Sam Lewis (trade unionist)

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Samuel Phineas "Sam" Lewis (15 June 1901 – 16 August 1976) was an Australian schoolteacher and trade unionist.

Lewis was born in Sydney to hairdresser Judah Henry Lewis and Rebecca Caroline, née Myers. After attending Cleveland Street Intermediate and Sydney Boys High schools on a bursary, he studied economics at the University of Sydney and then at Teachers' College, beginning his teaching career at Bondi Public School in 1921. He also joined the New South Wales Public School Teachers' Federation in 1921; posted to various state schools, he was sent to Narrabri in 1925 and campaigned for Jack Lang, attributing his subsequent posting at Atholwood near the border with Queensland as a reaction to his political activities.[1]

Lewis returned to university part-time in 1929, teaching at Maroubra, and was a founding member and secretary of the Educational Workers' League, which advocated the abolition of public examinations, weekly tests, homework and corporal punishment. Sometime vice-president of the assistants' branch of the Teachers' Federation, he organised the Conference on Education for a Progressive Democratic Australia in 1938. A lapsed Jew, Lewis married fellow teacher Ethel Caroline Nelson Teerman on 20 December 1940 at Randwick. In the early 1930s he had joined the Communist Party of Australia, becoming secretary of the Coogee branch, and, using the alias "Samuel Curtis", he was elected to the district committee in 1938. He contested the federal seat of Barton for the State Labor Party in 1940.[1]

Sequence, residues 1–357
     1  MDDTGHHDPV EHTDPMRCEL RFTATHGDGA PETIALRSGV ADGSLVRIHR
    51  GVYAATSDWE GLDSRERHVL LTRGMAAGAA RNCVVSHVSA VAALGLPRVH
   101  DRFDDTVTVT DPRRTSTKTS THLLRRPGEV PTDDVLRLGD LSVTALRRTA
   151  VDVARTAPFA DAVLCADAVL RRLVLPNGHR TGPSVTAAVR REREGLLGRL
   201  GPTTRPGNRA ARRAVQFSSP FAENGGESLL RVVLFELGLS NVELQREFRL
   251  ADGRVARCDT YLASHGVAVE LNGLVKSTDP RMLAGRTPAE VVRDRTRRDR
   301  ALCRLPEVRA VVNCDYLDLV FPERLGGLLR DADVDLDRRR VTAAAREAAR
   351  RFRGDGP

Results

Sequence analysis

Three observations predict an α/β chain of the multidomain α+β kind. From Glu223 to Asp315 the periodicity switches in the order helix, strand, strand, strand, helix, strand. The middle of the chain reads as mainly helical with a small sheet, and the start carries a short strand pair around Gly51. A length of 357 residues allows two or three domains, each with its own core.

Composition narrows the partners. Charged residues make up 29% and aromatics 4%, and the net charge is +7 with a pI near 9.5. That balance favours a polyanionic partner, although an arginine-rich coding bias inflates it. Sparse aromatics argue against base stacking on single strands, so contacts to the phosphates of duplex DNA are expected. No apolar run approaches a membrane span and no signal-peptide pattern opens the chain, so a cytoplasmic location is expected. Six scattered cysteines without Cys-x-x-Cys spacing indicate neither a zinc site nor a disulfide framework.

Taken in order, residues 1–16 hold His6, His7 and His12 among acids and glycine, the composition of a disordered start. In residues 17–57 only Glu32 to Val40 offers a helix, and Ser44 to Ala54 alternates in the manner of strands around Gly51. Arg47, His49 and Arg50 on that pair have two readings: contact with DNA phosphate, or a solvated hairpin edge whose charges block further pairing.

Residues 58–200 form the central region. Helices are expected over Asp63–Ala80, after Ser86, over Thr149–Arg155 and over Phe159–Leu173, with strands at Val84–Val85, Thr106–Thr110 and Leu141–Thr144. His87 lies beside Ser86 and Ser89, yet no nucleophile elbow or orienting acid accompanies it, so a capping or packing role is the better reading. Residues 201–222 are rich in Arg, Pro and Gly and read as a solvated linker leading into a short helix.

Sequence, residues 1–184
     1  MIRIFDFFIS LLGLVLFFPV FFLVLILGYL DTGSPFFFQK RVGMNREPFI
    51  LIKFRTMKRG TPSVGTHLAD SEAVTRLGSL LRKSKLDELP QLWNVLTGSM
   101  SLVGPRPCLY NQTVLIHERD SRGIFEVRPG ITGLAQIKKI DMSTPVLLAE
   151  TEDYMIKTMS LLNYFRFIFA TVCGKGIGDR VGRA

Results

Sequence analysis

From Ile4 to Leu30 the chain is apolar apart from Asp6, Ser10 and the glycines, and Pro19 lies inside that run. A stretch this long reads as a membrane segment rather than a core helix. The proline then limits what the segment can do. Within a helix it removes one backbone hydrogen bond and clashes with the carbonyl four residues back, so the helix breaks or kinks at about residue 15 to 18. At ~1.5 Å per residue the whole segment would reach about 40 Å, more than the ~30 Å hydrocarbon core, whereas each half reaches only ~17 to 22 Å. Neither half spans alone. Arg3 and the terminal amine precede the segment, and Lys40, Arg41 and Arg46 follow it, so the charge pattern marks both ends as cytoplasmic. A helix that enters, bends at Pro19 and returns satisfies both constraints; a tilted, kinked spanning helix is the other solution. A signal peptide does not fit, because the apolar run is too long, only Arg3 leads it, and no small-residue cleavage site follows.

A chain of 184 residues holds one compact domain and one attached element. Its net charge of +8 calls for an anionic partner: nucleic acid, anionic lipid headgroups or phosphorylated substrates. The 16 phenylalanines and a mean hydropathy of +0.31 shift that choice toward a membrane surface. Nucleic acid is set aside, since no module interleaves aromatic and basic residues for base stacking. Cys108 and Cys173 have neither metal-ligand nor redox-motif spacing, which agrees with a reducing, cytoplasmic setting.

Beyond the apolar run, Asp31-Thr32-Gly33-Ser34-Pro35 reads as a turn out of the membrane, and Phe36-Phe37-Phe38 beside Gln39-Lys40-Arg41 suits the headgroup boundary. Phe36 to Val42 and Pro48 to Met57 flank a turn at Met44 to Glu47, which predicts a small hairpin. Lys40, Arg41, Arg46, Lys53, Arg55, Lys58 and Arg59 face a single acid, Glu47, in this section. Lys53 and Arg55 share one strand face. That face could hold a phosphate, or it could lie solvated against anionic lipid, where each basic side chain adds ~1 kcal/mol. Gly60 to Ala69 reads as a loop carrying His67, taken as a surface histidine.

In 1943, Lewis was elected deputy president of the Teachers' Federation, rising to president in 1945. Lang, now a dissident member of the federal parliament, attacked Lewis as a well-known communist following his appointment as a delegate to the United Nations Educational, Scientific and Cultural Organisation meeting in Mexico City in 1947. He was defeated for the presidency in 1952, and he returned to teaching at Paddington and Newtown. In 1955 he received a reprimand after slapping a boy on the face, although fellow teachers rallied in support since Lewis had reportedly been provoked by a racist insult. In 1958 he was elected deputy president of the Teachers' Federation, and he reclaimed the presidency in 1964.[1]

An activist president, Lewis strongly supported equal pay for women and the rights of teachers, achieving the right for complaints to be heard in the Industrial Commission of New South Wales rather than by the Public Service Board. A diabetic, he gave his last address as president in January 1968. In 1974 a stroke left him partially paralysed. Lewis died at Maroubra in 1976 and was cremated; he is remembered in the Sam Lewis peace awards, awarded by the Teachers' Federation since 1983. His daughter Jeannie Lewis is a well-known musician and stage performer.[1]